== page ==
(JollofNews)– President Yahya Jammeh of the Gambia has used the state opening of the country’s National Assembly to renew his pledge to introduce Sharia law in the Muslim dominated West African nation.
Sharia is an Islamic canonical law based on the teachings of the Quran and the traditions of Prophet Muhammad (Hadith and Sunna) which prescribes both religious and secular duties and sometimes retributive penalties for lawbreaking.
It has generally been supplemented by legislation adapted to the conditions of the day, though the manner in which it should be applied in modern states is a subject of dispute between Muslim traditionalists and reformists.
And although the Gambia is a secular state, Mr Jammeh said the country is now an Islamic state and his government will soon send a draft legislation for the implementation of sharia law in the country to parliament for consideration.
“The Gambia is an Islamic republic, and a piece of legislation will soon be tabled before the National Assembly to begin the process of implementation,”the president told lawmakers yesterday.
“The declaration does not however mean that other religions will be suppressed as there is no compulsion in religion as enshrined in the Holy Quran. For us Muslims however, we will be governed by the law divined by sharia based on the Quran.”
Mr Jammeh first declared the Gambia an Islamic state last year ‘based on the fact that a majority of Gambians are Muslims and the need to uphold the country’s Islamic identity and faith in an environment of true Islam where the rights of all citizens would be safeguarded and respected.’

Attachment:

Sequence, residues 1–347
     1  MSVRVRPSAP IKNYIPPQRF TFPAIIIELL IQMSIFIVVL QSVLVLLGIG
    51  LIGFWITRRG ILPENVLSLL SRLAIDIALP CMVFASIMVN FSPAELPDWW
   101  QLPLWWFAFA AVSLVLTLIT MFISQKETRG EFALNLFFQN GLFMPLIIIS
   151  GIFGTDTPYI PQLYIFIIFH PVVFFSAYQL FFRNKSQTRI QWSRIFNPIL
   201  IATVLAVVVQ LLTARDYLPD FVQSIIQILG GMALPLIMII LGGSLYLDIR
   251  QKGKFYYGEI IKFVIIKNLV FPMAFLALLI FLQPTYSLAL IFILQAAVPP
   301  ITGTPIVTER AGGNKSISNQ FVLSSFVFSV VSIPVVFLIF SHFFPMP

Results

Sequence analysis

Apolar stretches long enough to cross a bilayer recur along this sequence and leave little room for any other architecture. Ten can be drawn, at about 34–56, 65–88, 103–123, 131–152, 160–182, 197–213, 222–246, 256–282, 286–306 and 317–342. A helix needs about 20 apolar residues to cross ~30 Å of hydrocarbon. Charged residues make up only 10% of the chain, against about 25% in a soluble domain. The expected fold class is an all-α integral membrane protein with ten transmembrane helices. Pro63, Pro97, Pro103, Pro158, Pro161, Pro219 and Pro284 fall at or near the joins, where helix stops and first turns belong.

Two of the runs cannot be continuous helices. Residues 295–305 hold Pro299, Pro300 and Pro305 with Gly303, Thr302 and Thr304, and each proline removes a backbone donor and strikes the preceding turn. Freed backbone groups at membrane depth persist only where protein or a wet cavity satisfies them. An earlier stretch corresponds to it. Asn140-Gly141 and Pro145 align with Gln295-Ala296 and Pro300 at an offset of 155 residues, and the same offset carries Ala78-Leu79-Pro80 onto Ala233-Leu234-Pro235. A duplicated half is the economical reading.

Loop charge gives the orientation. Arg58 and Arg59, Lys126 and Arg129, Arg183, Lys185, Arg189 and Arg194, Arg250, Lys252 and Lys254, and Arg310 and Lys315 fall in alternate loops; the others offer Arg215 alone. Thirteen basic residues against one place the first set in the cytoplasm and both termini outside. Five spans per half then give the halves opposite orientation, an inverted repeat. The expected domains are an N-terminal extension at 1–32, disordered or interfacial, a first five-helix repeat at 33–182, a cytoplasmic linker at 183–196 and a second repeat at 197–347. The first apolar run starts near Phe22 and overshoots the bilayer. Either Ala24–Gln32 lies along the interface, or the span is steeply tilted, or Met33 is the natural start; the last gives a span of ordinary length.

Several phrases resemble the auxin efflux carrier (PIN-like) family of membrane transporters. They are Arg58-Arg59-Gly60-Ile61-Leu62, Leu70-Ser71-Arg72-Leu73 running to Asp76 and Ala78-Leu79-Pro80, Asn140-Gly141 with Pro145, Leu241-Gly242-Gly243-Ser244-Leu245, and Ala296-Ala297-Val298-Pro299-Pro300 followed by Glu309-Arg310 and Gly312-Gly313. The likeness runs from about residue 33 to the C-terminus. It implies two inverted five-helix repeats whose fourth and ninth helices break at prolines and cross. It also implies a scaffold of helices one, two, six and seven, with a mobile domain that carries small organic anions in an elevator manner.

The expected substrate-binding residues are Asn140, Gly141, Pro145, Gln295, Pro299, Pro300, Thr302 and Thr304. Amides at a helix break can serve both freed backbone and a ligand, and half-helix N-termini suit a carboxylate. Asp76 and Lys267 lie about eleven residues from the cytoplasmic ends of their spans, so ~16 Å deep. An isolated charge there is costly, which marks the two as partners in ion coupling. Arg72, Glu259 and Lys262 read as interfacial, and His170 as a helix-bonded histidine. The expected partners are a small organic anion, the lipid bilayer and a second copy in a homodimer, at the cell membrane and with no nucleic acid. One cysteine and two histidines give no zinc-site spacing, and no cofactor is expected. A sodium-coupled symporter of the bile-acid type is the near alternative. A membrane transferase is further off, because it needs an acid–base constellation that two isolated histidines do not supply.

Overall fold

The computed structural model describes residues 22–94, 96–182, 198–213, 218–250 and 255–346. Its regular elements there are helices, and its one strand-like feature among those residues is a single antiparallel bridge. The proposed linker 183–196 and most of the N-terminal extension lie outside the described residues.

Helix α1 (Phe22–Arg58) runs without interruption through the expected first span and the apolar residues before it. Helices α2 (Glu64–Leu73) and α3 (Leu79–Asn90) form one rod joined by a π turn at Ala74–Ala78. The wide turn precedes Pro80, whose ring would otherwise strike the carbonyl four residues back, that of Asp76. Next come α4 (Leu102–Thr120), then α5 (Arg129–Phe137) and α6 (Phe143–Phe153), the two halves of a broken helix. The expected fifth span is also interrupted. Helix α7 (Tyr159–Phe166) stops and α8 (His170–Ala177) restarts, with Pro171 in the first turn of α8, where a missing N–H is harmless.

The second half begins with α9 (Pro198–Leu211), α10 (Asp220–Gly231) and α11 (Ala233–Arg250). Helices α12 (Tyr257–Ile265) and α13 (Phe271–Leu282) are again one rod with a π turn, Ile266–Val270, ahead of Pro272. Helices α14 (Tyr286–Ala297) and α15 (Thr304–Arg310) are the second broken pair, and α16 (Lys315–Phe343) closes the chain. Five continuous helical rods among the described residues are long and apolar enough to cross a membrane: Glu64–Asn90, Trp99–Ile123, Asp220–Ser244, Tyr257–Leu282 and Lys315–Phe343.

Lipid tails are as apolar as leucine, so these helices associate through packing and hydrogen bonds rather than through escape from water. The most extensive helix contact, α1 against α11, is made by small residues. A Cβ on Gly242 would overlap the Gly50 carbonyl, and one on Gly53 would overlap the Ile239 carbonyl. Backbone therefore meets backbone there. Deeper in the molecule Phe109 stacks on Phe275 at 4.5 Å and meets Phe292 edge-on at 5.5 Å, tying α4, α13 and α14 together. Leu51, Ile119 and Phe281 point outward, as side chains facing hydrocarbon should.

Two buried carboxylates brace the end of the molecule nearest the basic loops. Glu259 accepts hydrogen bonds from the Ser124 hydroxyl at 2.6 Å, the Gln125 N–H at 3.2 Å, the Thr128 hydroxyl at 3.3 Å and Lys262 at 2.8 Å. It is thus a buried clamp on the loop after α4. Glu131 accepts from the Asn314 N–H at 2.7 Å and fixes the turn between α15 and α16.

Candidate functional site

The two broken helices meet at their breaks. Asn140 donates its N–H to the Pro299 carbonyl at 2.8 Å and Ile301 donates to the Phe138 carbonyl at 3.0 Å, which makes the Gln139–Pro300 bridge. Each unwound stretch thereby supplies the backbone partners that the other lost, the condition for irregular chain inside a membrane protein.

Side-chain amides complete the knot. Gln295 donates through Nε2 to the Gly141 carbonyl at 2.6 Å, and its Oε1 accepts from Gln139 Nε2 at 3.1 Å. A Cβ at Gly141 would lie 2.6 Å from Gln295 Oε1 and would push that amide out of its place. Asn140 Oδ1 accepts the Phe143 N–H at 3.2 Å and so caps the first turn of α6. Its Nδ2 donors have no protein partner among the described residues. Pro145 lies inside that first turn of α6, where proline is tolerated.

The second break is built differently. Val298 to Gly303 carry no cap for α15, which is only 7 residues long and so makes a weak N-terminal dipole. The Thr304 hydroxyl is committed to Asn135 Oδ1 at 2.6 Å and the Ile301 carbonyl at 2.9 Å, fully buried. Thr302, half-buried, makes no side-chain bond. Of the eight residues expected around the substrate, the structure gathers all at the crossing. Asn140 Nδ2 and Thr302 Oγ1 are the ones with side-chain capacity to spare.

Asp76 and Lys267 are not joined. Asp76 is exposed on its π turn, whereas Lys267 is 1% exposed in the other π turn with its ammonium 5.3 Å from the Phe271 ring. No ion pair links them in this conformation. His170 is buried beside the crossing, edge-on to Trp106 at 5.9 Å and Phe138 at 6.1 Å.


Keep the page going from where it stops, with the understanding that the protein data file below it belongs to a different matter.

Civil right groups and opposition leaders have condemned the president’s declaration, accusing him of violating the country’s constitution, disturbing the peace of the country and trying to distract Gambians from the real problems that they face daily such as the skyrocketing prices of basic commodities, collapsing economy, inadequate health service, poor education standard, mass exodus of youths to Europe by the back way, threats to the independence of the judiciary and dismissal of public servants on executive directives.
But Mr Jammeh, 50, who has ruled the West African nation since 1994 with a trademark mix of witchcraft, oppression and anti-colonial rhetoric, dismissed the accusation as fear mongering. He said the introduction of the strict Islamic law would not affect Christians and other minority religions.
“We will not tell Christians not to go to church as it is not our business, but we expect all Gambians to respect our religion as Islam and we worship only God,” he said.
“We will not ban other religions, as Islam is tolerant and religion is private. I would not interfere as I have my own file to think of in heaven.
“The Islamic State of the Gambia would be a place where people (Muslims) worship Allah as the only God and that the Christians and other religious adherents are also free to practice their religions as they deem fit.”